According to the Justice Policy Institute, there are approximately 15,000 bail bondsmen in the United States issuing about $14 billion in bail bonds each year. While bail bondsman jobs are similar to other types of financial services jobs like loan managers or insurance producers, they are unique in that they provides bonds, or loans, to a specific class of client—criminal defendants.
Most bail bonds jobs involve issuing bonds to clients in return for a percentage of the bail amount. In most states, this percentage can be as high as ten to 20 percent of the loan amount. In order to ensure the defendant appears for court and the bond is repaid, some form of surety is required. This is usually in the form of collateral like real estate, or it may be a co-signer who guarantees repayment.
Despite the usual practice of requiring collateral, most financial institutions are reluctant to engage in issuing loans to a high risk group like criminal defendants. Bail bondsmen, on the other hand, are willing to perform this type of duty for two reasons. The first is that the fees for issuing bonds are usually substantial enough to permit a bail company to cover the loss of a few forfeited bonds. The second is that most bail bondsmen employ bail recovery agents, more commonly known as bounty hunters, to pursue, apprehend and return fugitives for their court appearance. It is also uncommon to require the use of a bounty hunter, however, since local law enforcement officials arrest most fugitives.
In some jurisdictions, bail bondsmen do not even need to pay the full bail amount. In Texas, for example, if a defendant flees, the bail company that bonded the defendant is only required to pay five percent of the bail amount. In these types of jurisdictions, the loss to bondsmen is minimal.
Bail Bondsman Career Information By State
- District of Columbia
- New Hampshire
- New Jersey
- New Mexico
- New York
- North Carolina
- North Dakota
- Rhode Island
- South Carolina
- South Dakota
- West Virginia
Rapid Growth in the Bail Industry
The bail industry has grown rapidly in recent years due to two significant factors. The first is the fact that judges raise bail amounts in order to limit pretrial release of defendants who pose a threat to public safety. This has raised the bail fees of most issued bonds without significantly adding additional risk to bail bondsmen.
The second factor is that more defendants are being allowed bail. Between 1994 and 2004, the number of defendants who were released on bail rose from 25 to 42 percent. The number of bailable defendants has increased in part because, most jurisdictions recognize that a large portion of defendants are not likely to be convicted and pose no threat to the public. According to a study by the Bureau of Justice Statistics, only 69 percent of criminal defendants are prosecuted and only three percent of criminal defendants are actually convicted of a crime. Also most local and county governments are unwilling to house large defendant populations in detention facilities as it can be very costly.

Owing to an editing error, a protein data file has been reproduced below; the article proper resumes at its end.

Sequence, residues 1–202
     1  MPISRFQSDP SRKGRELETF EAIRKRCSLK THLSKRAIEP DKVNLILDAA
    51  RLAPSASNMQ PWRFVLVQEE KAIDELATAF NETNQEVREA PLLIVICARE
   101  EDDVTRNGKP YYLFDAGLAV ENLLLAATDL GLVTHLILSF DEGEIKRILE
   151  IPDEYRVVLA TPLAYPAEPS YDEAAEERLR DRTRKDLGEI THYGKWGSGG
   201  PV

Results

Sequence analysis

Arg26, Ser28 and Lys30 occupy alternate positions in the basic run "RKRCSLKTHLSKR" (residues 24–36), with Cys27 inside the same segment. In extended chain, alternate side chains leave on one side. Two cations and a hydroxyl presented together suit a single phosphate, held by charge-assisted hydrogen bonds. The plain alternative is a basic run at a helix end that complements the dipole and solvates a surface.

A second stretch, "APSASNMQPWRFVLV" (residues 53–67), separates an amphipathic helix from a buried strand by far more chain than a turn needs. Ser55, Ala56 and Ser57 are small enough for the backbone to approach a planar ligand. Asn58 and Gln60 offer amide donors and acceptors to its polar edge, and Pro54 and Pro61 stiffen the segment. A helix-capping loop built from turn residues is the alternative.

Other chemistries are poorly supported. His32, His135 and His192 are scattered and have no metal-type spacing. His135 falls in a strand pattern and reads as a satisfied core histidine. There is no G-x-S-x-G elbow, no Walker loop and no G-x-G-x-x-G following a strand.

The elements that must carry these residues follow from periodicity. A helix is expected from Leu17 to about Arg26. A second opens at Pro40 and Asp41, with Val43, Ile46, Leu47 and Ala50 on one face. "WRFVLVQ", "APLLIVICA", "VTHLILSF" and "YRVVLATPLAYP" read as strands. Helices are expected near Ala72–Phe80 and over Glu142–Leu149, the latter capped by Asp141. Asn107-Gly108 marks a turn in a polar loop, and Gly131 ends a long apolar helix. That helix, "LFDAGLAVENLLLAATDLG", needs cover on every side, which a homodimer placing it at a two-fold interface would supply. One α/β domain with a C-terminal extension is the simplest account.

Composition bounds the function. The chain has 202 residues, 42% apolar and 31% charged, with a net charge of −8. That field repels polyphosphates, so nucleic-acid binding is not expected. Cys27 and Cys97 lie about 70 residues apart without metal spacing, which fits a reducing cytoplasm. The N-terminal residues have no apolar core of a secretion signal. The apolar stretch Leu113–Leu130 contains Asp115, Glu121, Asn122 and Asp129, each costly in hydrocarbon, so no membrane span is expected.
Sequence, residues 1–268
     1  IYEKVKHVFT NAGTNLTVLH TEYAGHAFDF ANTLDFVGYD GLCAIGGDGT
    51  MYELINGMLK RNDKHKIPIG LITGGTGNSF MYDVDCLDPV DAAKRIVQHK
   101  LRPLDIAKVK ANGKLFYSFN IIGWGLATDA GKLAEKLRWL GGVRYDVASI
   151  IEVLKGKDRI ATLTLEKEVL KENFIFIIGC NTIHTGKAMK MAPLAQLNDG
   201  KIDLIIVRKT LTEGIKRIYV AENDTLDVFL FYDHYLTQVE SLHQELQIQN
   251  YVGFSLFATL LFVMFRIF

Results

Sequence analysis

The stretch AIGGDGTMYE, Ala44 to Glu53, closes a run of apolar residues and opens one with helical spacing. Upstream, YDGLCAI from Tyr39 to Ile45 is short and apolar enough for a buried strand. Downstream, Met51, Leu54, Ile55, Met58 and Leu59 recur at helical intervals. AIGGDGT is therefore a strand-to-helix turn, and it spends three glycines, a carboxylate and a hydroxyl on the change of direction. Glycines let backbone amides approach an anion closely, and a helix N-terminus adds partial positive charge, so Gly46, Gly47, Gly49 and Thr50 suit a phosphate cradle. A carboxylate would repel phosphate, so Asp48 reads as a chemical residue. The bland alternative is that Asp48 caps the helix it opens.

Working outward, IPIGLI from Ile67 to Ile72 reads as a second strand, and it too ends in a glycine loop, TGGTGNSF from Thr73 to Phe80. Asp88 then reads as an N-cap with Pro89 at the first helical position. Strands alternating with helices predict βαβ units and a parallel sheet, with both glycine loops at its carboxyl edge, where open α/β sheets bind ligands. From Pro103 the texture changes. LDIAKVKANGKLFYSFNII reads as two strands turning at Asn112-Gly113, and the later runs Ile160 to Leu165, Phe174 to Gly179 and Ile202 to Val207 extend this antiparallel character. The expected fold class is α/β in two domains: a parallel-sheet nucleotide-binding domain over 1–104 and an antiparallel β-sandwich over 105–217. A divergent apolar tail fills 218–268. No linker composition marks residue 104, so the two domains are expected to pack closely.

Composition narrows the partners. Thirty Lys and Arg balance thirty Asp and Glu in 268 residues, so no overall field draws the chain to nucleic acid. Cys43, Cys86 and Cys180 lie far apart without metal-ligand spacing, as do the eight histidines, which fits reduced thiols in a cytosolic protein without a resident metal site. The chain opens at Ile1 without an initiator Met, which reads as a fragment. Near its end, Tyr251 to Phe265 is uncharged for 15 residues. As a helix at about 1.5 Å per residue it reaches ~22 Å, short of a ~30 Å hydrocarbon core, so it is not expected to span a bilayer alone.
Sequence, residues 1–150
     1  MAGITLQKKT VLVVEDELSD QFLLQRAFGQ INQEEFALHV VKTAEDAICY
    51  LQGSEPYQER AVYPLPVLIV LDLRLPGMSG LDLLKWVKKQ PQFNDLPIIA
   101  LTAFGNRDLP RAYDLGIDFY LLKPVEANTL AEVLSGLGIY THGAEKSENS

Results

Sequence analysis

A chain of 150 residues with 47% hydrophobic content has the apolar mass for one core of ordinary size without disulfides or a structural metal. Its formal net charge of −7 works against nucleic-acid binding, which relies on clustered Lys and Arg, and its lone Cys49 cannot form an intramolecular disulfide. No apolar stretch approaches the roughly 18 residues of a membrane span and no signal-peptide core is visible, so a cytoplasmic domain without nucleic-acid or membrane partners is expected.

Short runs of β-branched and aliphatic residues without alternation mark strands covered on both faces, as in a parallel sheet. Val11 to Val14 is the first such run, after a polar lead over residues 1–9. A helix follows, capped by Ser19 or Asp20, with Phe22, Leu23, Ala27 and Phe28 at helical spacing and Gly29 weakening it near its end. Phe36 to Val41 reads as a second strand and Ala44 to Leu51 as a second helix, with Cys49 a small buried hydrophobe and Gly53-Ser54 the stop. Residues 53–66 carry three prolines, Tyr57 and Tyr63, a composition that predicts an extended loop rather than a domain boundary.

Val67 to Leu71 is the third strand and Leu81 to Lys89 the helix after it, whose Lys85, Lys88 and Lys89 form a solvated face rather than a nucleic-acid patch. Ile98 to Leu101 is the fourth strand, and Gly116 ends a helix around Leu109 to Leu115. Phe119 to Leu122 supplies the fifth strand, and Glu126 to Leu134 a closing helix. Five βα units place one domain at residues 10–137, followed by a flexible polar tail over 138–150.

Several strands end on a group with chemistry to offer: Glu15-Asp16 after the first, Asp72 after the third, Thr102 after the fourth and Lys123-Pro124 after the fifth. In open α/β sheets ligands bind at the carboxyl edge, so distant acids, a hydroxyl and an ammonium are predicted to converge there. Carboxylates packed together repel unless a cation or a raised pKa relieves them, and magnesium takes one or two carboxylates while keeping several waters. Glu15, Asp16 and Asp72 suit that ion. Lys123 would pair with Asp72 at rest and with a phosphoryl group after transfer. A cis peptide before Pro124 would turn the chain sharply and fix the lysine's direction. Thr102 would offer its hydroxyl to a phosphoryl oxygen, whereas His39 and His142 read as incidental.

The bail industry has also experienced criticism from several defendants’ rights groups. Defendants who can obtain bail are more likely to serve less time and are less likely to engage in criminal activity again. Almost 97 percent of bail clients appear for their court dates.
Challenges for the Bonding Industry
While the bail bonds industry has been in existence for almost a century, in the 21st century this profession has come under criticism from a variety of social groups. Many of these groups point to the steep fees that are placed on these bonds as a type of usury that most defendants who are from lower socioeconomic classes are ill equipped to understand or pay. The bail bond industry has responded to these arguments by contending that without these services defendants would languish needlessly in jail, adding to overcrowded detention facilities and costing taxpayers significantly more.
The other challenge to the bail bondsman profession is the growing popularity of deposit bail. This type of bail involves a percentage of a bail paid directly to the courts for pretrial release. If the accused fails to appear for their court date, then they may be required to pay the remainder of the bail amount. Deposit bail is essentially the attempt by local governments to compete with bail companies. Bail bondsmen have employed strong lobby groups to stymy deposit bail systems which are more likely to result in a failure to appear than commercial bail bonds which employ bounty hunters to arrest fugitives.